A Review of the Nigerian business facilitation Act

The Nigerian Business Facilitation Act was signed into law on 14 February, 2023. The Act is a new legislation that has generated tons of debate in the Nigerian business community. The Act seeks to provide a more conducive environment for businesses to thrive in Nigeria and to generally improve the ease of doing business in Nigeria, by simplifying processes, reducing bureaucratic bottlenecks and ensuring transparency in government transactions. 

This article seeks to review the provisions of the Act, highlight its potential impact on businesses in Nigeria, and evaluate its overall effectiveness in achieving its stated objectives.

Simplifying processes and reducing bureaucratic bottlenecks

One of the key objectives of the Nigerian Business Facilitation Act 2023 is to simplify processes and procedures for businesses in Nigeria. The Act seeks to streamline the registration and licensing of businesses, reduce the time and cost of obtaining permits and approvals, and eliminate bureaucratic bottlenecks that often hinder business growth.

The Nigerian Business Facilitation Act 2023 is a legislation that seeks to simplify processes and procedures for businesses in Nigeria. It aims to provide a more conducive business environment that will attract local and foreign investments and spur economic growth. The Act is a response to the challenges faced by businesses in Nigeria due to bureaucratic bottlenecks, corruption, and other factors that make doing business difficult.

The Act establishes a One-Stop-Shop for the registration of businesses, which will enable investors to complete all necessary registration procedures in one location. This will save time and reduce the cost of registering a business in Nigeria.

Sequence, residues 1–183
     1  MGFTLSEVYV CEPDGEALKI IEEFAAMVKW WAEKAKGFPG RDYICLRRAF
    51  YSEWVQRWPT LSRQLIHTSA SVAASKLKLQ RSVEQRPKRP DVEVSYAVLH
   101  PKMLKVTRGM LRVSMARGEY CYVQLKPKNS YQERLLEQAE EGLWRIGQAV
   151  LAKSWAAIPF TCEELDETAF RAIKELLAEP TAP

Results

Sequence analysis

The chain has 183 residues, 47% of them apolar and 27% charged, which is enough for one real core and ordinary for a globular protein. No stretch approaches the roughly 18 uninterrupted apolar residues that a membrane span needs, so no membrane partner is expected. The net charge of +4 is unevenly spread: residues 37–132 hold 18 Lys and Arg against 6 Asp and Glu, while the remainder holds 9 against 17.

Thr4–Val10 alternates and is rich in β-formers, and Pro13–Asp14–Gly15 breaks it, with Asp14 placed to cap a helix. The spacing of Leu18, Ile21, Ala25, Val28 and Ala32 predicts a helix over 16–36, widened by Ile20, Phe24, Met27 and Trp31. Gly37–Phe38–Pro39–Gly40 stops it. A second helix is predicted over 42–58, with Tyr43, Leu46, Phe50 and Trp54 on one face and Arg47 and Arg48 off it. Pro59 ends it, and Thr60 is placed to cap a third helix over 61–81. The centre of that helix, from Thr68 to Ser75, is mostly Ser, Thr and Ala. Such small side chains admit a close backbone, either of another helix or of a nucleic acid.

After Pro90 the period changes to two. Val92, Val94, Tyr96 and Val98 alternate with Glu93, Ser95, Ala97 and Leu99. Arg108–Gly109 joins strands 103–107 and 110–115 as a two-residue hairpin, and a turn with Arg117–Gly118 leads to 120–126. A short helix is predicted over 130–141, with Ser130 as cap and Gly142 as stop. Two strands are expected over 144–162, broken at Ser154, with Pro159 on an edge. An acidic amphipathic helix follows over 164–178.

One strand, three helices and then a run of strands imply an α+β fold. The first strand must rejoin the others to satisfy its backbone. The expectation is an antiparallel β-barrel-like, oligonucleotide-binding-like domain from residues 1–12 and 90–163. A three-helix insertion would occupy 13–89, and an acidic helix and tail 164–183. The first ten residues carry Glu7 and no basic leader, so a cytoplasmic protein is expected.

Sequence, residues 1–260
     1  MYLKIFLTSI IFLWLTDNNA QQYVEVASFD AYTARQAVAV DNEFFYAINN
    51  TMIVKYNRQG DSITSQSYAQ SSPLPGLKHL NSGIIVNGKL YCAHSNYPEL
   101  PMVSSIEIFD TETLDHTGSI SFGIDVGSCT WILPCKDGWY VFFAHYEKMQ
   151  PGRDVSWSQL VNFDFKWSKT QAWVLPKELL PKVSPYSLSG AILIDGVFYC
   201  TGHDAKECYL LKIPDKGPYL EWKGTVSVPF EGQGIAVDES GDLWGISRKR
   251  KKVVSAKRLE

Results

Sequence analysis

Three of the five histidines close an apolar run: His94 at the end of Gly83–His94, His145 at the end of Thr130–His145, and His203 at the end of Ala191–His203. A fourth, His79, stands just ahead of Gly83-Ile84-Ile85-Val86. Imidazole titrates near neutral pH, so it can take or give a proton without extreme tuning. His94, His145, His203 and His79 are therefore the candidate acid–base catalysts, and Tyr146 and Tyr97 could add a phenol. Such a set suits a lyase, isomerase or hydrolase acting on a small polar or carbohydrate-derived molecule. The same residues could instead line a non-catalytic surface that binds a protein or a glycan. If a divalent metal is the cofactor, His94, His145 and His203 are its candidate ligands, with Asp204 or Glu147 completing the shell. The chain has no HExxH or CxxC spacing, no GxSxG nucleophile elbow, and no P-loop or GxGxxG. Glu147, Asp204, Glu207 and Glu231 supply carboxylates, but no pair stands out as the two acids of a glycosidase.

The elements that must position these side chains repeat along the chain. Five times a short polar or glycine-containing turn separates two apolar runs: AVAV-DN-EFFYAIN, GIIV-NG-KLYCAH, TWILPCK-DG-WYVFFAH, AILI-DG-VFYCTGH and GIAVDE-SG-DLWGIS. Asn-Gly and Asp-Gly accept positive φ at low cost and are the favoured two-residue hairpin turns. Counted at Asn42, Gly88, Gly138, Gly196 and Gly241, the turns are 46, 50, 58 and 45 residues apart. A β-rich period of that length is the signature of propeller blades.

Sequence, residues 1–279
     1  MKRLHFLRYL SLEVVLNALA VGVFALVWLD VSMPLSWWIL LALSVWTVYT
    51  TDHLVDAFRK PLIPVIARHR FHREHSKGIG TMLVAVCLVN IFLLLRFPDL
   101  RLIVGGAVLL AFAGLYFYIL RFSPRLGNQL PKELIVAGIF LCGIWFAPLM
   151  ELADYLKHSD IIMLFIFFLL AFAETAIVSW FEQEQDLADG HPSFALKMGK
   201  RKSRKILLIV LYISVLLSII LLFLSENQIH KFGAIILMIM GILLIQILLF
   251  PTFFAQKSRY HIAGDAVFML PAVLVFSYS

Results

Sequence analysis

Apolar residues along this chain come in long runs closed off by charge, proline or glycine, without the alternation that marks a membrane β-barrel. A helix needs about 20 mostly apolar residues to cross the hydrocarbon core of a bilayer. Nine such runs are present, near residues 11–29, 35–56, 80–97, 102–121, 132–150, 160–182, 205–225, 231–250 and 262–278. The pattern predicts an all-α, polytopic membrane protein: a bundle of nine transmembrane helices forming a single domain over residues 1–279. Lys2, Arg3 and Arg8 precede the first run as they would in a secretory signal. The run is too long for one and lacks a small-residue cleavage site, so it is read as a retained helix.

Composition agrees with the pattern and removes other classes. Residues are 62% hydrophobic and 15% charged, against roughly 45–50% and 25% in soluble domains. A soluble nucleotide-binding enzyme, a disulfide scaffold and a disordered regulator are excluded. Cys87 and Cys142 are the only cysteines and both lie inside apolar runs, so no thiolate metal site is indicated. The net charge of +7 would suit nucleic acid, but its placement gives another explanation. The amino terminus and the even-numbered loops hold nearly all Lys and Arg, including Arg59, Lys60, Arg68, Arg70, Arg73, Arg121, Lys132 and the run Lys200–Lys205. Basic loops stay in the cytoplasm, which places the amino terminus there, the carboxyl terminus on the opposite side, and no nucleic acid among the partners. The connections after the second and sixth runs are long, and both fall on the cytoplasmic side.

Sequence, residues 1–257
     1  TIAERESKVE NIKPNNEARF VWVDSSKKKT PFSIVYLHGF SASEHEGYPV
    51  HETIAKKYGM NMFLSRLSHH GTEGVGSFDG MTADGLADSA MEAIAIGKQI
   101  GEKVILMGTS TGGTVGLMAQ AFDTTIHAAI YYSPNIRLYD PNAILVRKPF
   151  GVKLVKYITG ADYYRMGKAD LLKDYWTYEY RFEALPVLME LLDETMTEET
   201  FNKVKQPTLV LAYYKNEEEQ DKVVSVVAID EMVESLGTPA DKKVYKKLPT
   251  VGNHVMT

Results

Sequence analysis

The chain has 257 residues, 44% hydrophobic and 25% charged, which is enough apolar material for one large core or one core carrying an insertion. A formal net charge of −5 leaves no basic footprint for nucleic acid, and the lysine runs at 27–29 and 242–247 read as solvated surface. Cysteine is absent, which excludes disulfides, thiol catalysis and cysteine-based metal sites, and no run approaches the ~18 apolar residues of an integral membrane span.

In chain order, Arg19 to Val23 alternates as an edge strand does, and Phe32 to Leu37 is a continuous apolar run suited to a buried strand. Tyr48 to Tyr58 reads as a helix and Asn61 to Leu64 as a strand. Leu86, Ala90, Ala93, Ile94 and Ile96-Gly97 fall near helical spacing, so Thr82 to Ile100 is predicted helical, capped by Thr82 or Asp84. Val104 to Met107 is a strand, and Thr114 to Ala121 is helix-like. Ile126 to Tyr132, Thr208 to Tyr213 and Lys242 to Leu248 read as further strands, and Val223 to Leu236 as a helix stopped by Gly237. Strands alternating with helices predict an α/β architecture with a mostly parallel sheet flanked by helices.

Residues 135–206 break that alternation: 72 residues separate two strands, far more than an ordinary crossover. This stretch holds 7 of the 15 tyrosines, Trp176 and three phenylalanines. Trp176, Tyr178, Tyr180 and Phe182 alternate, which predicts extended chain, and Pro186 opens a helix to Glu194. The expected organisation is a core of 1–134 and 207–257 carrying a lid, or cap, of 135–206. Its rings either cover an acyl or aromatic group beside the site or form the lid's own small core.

Provisions relating to ministries, departments, and agencies of the federal government (MDAs)

One of the major provisions of the Nigerian Business Facilitation Act 2023 is the establishment of a Business Facilitation Unit in each ministry, department and agency (MDA) of the federal government. The Unit is tasked with ensuring that all business-related activities in the MDA are carried out in a timely and efficient manner.

This provision is aimed at reducing the time it takes to obtain licenses, permits, and approvals from MDAs. The Act also requires MDAs to maintain an up-to-date database of all businesses operating within their jurisdiction. This database is to be made available to the public, and it will help to streamline the regulatory process and reduce the time it takes to obtain licenses and permits.

Companies and Allied Matters Act 2020 (“CAMA”)

The Nigerian Business Facilitation Act 2023 complements the provisions of the Companies and Allied Matters Act 2020 (“CAMA”). CAMA is the primary legislation regulating the incorporation, registration, and operation of companies in Nigeria.Prior to the introduction of this amendment, it was only possible for a company to increase its share capital during a general meeting.

However, the amendment now allows a company to increase its shares by means of a board resolution as well. The act  has also updated the list of foreign companies that are not required to incorporate a Nigerian entity to operate in Nigeria by including foreign companies that are exempted under any other current Act of the National Assembly to the said list.

Customs and Excise Management Act (CEMA)

The Customs and Excise Management Act (CEMA) is the primary legislation governing the import and export of goods in Nigeria. The Act provides for the establishment of the Nigeria Customs Service (NCS) as the regulatory body responsible for the implementation of CEMA.